Fyi, one of the best commercial fish taxidermists whose done more mounts for famous fishermen than anybody else. And has done more State and World record fish than anybody else out there does NOT set a backside eye. You would think guys like Babe Winkleman and Spence Petros would know better eh? Nuff said...
The back side is important to me should be nuff said, but lets go on and on. The first guy that taught me In no way influenced me, and I dropped his techniques as soon as I walked out the door. Cecil taught me some good stuff but, I also drop a few things I learned from him. Four to be exact. One is the back seam, One is the back fin, The silk span thing I use on bad fins but not the way Cecil taught, And the I don't scale tip like he taught me. I will one day get the fins right I don't think I am far off on them.
My thing is this. There are taxidermist everywhere around me that do cheap crap like leaving out eyes. What does that save two-three bucks? I use apoxy sculpt on the back seam and have used the ez-scaler, but if you don't feather the machined edges out they look like junk. I now use a, Thanks to Cecil, A silicon mold to mark the back seam. The back seam takes me about ten minutes to get close and what's that 10-15 bucks. I am going to be the Highest guy around here within two years. I want to get it right.
I live in an area that will allow the limit of what one could charge, or so I think. In time I hope to go train under Gary B, and/or Rick K. Guess what, I will Probably drop some of their techniques as well. I know I will because I will always be looking for a better mount.
Remember I am starting out here Marty, and IMHO I don't want to start with low quality fish one eyed type of fish fish. I think They will make or break you in the end. You have said, that you have been doing this for 8 years do you still do the same things you were taught from the start? I never will is the point I am trying to make. Someone if not all who read this ia going to think I am an ass, because of what I said here. I have a hard time getting my point across to mean what I am thinking and was hesitant about submitting this.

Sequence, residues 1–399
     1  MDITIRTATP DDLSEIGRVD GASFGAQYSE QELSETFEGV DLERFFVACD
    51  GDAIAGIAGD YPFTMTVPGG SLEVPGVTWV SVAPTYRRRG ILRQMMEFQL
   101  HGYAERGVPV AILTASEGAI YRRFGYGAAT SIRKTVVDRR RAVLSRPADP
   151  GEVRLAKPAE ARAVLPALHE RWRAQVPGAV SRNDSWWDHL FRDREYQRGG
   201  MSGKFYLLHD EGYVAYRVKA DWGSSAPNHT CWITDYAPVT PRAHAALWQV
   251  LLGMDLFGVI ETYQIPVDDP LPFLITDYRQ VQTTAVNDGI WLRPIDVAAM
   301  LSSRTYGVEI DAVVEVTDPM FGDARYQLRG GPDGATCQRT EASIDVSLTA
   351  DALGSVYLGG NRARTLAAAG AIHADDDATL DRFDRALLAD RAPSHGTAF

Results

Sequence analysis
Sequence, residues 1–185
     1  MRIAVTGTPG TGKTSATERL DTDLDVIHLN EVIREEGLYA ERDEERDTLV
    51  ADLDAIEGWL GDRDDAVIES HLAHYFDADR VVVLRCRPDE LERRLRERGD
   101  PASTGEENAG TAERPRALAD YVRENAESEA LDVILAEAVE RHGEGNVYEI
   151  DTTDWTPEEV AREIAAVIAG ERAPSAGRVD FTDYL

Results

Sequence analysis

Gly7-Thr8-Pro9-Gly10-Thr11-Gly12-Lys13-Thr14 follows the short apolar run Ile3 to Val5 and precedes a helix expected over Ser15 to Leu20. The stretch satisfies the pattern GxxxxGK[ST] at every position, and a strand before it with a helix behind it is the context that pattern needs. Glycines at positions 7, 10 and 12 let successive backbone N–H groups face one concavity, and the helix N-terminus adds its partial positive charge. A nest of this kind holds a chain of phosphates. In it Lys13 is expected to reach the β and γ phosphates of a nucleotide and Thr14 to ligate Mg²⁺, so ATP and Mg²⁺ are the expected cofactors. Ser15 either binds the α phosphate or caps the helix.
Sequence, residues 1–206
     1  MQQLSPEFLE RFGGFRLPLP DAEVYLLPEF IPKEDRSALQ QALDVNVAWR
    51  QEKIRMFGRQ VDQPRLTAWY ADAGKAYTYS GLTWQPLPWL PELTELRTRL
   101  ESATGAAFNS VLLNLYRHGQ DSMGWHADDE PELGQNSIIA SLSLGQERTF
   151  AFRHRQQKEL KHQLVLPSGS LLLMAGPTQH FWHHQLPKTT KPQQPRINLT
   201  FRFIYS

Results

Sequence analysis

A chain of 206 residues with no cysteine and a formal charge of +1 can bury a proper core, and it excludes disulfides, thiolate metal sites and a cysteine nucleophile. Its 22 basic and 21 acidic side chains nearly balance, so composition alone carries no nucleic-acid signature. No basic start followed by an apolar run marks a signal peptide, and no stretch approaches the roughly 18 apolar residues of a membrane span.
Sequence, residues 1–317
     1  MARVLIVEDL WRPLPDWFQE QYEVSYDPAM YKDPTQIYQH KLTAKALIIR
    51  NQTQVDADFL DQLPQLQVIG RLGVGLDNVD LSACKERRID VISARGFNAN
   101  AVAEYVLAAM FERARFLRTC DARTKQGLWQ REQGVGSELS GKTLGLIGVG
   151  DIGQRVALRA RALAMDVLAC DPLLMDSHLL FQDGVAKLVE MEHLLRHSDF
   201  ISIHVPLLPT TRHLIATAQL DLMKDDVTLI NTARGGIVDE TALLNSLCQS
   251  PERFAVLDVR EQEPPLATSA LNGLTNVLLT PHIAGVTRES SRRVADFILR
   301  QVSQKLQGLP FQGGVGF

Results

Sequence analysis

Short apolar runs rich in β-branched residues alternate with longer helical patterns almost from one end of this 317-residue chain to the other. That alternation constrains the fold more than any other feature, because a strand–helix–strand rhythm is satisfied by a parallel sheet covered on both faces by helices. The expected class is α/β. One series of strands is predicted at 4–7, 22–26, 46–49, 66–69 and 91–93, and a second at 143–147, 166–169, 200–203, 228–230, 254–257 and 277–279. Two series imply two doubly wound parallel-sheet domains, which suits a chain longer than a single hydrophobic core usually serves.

Just to let you Know. I don't care to ever win a National or world title, Its just not me at this point. Five or Ten years down the road I might change my mind and really want to get one. I just want the type of fish mount that would lead in that direction. Not just another fish on the wall. Good day and thanks for your opinion and time.
...yes I do many things I was taught from the start because I had an excellent teacher with proven methods. Some I've discovered on my own, bit the foundation is still there. We're not re-ionventing the wheel here.
If you associate the backside of the fish not being finished to perfection, then that is the line you've drawn. That's fine, to each his own. Keep up your energy level in good luck in all of your endeavors...
I don't care to re-invent anything just improve upon it If I can! To make the ride smoother, you know! Later
...there ain't a whole heck of a lot in this industry that hasn't been done. We're doing taxidermy. And although there are improvements in products and such, the basic principles of taxidermy will always be the same...
and I did get you. I just think that there is a lot more to come. And I am going to strive for higher standards from myself and set a new one each time i mount something.
How the anatomy was off on Joey's fish when he used the half cast method. You really can't get any closer to the anatomy of something when you use a mold.